A version of this essay appears in Encyclopedia of Twentieth Century Architecture, Fitzroy Dearborn (Taylor and Francis) Publishers
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Steel is a material present in the structure of virtually all works of 20th-century architecture: in the connectors, plates, nails, bolts, and screws of timber floors and frames; in the deformed bars hidden within the cement and stone matrix of reinforced concrete; and in the hot-rolled wide-flange columns and beams characteristic of steel skeletal frameworks. While its history as a building material can be traced back at least to the fifth century B.C., and while its potential to revolutionize the whole process and form of building was in many ways already evident in the 19th century, it is in the 20th century that the architectural expression of steel was most thoroughly explored.
Steel refers to any metal consisting primarily of iron, although the term is now commonly used in a more restrictive sense, reserved for the mild carbon steels that first appeared in the mid-19th century and the high-strength, corrosion-resistant ("weathering"), and stainless steels developed more recently. Cast and wrought iron products had been used extensively in building, especially in the 19th century, but were largely superseded by the beginning of the 20th century by hot-rolled steel members. The ultimate victory of steel over earlier forms of iron was due to steel's superior structural properties along with an increasingly efficient manufacturing process—based on the innovations of Bessemer, Siemens, Thomas, and others—that dramatically reduced its cost while increasing its output. Stimulated first by the needs of the railway industry in the mid-19th century and later by a dramatic increase in large-scale building projects, construction in steel became inextricably linked with the accelerated pace of commercial and industrial development in the 20th century.
The economic and social changes accompanying this development met mixed reactions. Chicago architect Louis Sullivan found a kind of spiritual poetry in the steel frame's aspiration for verticality; Italian Futurist Sant'Elia proclaimed in 1914 that the steel bridges, railway stations, cars, and planes of the modern epoch already signaled a radical discontinuity with the traditional forms of the past; Russian Constuctivist Vladimir Tatlin's proposal for a spiraling steel monument to the Third International in 1920 provided a dynamic and optimistic visual image for the new technology. Yet other artists and critics saw only the negative social consequences of the 20th century's new steel-framed architecture: dark, canyon-like streets; anonymous, repetitive facades; degrading or dangerous working conditions. Steel was not simply the material par excellence of the industrial revolution; at the dawn of the 20th century it was also a potent symbol of economic power and monopolistic arrogance, personified in the legendary figures of Andrew Carnegie, J.P. Morgan, and Elbert H. Gary.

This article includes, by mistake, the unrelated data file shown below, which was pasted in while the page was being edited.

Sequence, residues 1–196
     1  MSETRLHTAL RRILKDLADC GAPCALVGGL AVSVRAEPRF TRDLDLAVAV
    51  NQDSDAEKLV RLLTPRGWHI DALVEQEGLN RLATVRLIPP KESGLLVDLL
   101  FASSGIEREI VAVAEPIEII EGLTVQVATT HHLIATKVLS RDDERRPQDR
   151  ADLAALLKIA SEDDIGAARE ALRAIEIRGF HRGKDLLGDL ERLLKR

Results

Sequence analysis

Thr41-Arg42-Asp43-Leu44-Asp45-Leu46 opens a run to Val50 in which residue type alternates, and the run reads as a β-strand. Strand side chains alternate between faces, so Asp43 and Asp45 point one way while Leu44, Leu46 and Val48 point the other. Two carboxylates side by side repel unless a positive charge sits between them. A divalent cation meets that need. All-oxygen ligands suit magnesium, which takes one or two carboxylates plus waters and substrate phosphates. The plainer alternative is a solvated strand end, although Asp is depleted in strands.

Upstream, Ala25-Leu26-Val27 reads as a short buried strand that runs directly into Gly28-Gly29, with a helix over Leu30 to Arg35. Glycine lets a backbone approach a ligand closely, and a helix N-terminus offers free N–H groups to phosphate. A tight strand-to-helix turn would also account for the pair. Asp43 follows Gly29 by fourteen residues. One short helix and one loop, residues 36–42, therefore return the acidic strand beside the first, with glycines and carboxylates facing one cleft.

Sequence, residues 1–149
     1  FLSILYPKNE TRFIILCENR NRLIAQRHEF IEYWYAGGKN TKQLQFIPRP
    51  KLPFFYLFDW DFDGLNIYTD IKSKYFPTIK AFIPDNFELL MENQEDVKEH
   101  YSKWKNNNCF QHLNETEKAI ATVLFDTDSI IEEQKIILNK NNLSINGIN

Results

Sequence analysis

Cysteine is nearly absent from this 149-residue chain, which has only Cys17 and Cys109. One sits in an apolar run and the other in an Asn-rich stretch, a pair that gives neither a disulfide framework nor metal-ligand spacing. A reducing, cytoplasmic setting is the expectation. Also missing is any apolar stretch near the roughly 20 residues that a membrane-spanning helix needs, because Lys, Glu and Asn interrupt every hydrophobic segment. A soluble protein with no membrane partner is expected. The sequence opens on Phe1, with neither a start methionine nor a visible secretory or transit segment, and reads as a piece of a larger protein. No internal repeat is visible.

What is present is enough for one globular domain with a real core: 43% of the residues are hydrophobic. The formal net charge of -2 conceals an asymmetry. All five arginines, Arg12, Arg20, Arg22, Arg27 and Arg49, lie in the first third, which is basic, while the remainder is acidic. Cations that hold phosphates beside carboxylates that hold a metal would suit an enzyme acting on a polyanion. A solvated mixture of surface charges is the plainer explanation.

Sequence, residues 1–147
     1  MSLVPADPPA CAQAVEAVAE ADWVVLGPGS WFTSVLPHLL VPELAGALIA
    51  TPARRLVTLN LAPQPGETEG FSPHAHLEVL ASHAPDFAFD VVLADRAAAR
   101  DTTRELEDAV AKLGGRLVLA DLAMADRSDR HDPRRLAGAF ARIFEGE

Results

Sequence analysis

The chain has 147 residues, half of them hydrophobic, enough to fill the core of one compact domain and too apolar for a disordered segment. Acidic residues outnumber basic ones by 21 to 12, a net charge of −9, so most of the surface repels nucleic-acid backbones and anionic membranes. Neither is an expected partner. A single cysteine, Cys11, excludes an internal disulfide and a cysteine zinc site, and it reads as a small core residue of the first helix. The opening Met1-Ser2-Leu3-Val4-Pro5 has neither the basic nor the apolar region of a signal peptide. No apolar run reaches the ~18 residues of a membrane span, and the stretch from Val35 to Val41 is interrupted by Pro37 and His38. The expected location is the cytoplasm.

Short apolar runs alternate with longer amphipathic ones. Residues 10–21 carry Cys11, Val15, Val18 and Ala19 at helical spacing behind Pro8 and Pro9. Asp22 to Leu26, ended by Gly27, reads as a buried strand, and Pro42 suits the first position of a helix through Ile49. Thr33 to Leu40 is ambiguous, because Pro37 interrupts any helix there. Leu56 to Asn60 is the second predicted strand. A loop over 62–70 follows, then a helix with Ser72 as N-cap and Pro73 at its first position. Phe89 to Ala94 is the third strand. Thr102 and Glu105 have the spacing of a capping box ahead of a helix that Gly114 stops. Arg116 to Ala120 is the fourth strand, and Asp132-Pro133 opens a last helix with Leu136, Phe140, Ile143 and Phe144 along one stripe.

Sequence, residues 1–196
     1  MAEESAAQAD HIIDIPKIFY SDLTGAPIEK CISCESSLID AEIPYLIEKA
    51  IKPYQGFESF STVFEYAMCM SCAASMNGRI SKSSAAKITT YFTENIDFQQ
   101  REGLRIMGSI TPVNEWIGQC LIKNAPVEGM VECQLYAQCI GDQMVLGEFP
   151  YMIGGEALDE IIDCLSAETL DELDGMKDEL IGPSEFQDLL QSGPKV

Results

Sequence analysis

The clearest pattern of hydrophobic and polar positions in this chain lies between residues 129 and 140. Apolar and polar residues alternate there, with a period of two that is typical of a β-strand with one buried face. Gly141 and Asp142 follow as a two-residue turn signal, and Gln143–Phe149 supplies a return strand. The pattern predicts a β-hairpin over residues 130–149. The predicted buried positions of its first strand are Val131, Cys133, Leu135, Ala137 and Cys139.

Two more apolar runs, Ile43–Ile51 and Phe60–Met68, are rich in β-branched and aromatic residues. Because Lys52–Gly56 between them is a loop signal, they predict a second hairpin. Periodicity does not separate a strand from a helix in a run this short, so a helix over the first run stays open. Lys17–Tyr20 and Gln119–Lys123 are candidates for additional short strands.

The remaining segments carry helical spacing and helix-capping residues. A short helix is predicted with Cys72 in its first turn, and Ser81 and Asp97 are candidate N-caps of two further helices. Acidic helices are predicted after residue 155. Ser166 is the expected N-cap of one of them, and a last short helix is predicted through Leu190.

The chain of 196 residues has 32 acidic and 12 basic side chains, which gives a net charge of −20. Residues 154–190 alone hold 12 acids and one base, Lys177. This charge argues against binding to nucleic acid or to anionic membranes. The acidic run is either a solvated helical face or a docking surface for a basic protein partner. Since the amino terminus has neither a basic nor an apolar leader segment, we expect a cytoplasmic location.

With the development of steel architecture other formal and technical issues have emerged: reconciling requirements for fire-proofing and corrosion protection with the desire for direct expression; exploiting the potential of standardization, prefabrication, and mass production; expressing the ideal of lightness and elegance, or the tectonics of load and resistance; incorporating the image of the machine (whether derived from industry, transport, or war) or the influence of other aesthetic tendencies (from constructivism to deconstruction). These issues are subsumed within the following discussion, which is based on three critical 20th-century building types: the office building, the long-span "shed," and the house.
Posted on web June 11, 2002; last updated Jan. 22, 2008 [minor re-formatting]